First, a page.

Through Positive Eyes is a photography and storytelling project created in collaboration with 130 “artivists” living with HIV/AIDS. Spearheaded by photographer Gideon Mendel and David Gere, director of the UCLA Art & Global Health Center, the project is now published as a book by Aperture and on view at the Fowler Museum. The project serves “as a call to action to bring an end to the stigma of HIV,” writes Aperture in the press release.
Work on the project began in 2008 when Mendel and Gere organized workshops in ten cities around the world, where people with HIV were invited to make photo stories about their lives. Participants were taught photography, encouraged to photograph their lives and then interviewed. Work made by participants in workshops in Mexico City, Rio de Janeiro, Johannesburg, Los Angeles, Washington, D.C., Mumbai, Bangkok, Port-au-Prince, London and Durban has been used in public exhibitions and advocacy materials. The hope was that sharing experiences might help combat the stigma associated with the virus.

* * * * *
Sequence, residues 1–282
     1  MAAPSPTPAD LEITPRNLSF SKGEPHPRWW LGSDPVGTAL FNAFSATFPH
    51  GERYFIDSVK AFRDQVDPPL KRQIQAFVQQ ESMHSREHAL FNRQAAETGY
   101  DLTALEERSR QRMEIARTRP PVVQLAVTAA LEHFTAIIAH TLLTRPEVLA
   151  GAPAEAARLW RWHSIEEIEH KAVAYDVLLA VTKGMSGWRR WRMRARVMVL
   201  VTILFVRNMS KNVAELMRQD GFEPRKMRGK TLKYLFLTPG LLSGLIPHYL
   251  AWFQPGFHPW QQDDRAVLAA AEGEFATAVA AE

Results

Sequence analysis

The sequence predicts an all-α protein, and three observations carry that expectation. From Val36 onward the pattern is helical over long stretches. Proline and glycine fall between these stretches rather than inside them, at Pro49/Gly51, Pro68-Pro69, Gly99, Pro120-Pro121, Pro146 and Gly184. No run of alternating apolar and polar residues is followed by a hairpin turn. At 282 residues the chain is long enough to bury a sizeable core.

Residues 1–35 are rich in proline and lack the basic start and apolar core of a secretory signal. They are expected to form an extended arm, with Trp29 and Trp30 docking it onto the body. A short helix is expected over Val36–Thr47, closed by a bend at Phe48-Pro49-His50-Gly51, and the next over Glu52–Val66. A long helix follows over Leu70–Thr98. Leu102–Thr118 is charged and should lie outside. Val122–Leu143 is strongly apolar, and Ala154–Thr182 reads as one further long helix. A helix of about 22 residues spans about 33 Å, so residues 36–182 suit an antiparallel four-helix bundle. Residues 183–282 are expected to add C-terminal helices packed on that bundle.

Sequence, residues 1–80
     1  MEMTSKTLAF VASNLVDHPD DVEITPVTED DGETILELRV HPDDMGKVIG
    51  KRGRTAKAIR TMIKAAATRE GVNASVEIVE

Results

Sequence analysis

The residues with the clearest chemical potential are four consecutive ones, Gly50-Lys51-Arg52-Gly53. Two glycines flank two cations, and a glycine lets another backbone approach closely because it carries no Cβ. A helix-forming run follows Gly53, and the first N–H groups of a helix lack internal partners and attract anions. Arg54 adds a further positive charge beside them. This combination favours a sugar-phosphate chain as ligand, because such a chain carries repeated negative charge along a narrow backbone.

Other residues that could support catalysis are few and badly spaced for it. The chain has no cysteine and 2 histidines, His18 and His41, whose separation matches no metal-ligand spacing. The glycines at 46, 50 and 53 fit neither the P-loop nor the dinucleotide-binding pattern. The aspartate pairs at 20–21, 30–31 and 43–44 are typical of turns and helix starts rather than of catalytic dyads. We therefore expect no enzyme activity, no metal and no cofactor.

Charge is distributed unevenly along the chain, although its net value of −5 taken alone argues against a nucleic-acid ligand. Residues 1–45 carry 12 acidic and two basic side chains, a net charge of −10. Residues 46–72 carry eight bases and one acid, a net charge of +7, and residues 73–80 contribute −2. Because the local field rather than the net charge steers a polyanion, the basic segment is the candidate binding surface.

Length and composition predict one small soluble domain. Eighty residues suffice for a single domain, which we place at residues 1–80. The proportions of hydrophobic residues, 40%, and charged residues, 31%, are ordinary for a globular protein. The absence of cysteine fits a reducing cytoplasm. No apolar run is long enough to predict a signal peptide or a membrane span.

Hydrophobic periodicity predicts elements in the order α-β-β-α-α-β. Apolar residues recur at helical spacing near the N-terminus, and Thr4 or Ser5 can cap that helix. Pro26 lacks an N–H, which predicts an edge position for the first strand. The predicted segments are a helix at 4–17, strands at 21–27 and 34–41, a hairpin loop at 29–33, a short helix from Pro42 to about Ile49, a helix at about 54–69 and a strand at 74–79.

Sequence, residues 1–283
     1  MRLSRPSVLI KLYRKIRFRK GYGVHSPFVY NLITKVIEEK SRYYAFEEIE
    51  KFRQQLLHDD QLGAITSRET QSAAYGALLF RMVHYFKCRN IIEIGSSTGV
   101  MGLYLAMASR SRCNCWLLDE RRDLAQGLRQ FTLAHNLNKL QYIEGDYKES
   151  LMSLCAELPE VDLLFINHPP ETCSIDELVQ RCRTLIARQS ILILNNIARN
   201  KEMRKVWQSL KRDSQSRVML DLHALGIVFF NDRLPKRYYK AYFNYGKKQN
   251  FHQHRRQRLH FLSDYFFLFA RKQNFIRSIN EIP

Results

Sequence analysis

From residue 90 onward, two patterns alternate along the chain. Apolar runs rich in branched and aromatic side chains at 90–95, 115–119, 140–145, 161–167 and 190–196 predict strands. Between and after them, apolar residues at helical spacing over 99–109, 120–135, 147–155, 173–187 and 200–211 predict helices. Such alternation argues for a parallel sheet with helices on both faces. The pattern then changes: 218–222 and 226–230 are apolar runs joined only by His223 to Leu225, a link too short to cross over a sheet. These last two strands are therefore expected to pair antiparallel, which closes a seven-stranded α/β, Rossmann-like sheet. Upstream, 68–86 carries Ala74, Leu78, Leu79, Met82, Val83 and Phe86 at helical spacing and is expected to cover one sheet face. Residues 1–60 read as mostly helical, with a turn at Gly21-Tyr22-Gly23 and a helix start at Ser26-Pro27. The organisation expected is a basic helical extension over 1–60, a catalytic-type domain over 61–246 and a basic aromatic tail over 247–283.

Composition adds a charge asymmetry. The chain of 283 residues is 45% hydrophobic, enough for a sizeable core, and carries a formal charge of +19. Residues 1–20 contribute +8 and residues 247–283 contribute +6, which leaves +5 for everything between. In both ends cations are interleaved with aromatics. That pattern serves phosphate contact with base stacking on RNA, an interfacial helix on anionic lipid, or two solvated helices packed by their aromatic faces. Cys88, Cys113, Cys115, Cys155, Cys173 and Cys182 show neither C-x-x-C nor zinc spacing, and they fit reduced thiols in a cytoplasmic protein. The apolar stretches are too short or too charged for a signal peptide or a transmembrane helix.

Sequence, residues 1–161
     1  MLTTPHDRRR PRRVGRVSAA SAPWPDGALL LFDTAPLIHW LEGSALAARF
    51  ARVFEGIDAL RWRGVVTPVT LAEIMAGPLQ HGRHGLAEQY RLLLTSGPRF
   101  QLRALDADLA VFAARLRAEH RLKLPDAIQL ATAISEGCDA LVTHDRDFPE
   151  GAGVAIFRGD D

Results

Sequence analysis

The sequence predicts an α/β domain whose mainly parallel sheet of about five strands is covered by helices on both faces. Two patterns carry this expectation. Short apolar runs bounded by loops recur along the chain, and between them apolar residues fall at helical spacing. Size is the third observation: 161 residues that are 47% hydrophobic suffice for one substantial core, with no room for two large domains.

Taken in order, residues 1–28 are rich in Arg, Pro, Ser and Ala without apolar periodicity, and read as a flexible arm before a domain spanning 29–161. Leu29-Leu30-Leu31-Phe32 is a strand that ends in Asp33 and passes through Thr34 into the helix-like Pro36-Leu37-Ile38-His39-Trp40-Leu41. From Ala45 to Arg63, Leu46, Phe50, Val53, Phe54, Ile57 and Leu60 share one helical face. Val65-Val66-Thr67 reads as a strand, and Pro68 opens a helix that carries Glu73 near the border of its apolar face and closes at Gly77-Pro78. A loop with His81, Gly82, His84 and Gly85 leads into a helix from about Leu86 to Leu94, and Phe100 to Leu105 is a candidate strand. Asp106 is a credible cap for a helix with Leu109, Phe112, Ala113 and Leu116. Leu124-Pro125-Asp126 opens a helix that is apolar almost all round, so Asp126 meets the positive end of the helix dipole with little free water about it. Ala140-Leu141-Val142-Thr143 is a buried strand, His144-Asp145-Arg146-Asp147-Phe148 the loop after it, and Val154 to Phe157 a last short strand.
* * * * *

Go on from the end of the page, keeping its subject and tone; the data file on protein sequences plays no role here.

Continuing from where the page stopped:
“Stigma grows out of fear, which prevents people from getting themselves tested and treated,” writes Gere. “By seeing these photographs and reading the accompanying stories, we can overcome fear and recognize our common humanity.”
In addition to the artivists’ photographs and stories, the book includes a foreword by actor and activist Richard Gere, an introductory dialogue between editors Mendel and Gere, and a poem by Mary Bowman, a participant in the Washington, D.C. workshop. “This publication serves as a testament to the resilient spirit of those facing the challenges of HIV and of Aperture’s belief in the power of photography to make change,” states Aperture.
In the exhibition, a multitude of voices coalesce around the core belief that challenging stigma is the most effective way to combat the epidemic. As a complement to the photographs and stories, the show features a sculpture installation by Los-Angeles-based multimedia artist Alison Saar. “Combined, these works conjure a broad picture of the epidemic—ranging from everyday imagery to more abstract meditations on joy, grief, solitude, and resilience,” writes the Fowler in the exhibition’s press release. Public programming for the exhibition incorporates live storytelling by seven HIV-positive people.
“Banishing stigma. That’s what Through Positive Eyes is all about,” writes Gere. “It is the most important thing we can do to stop the epidemic.”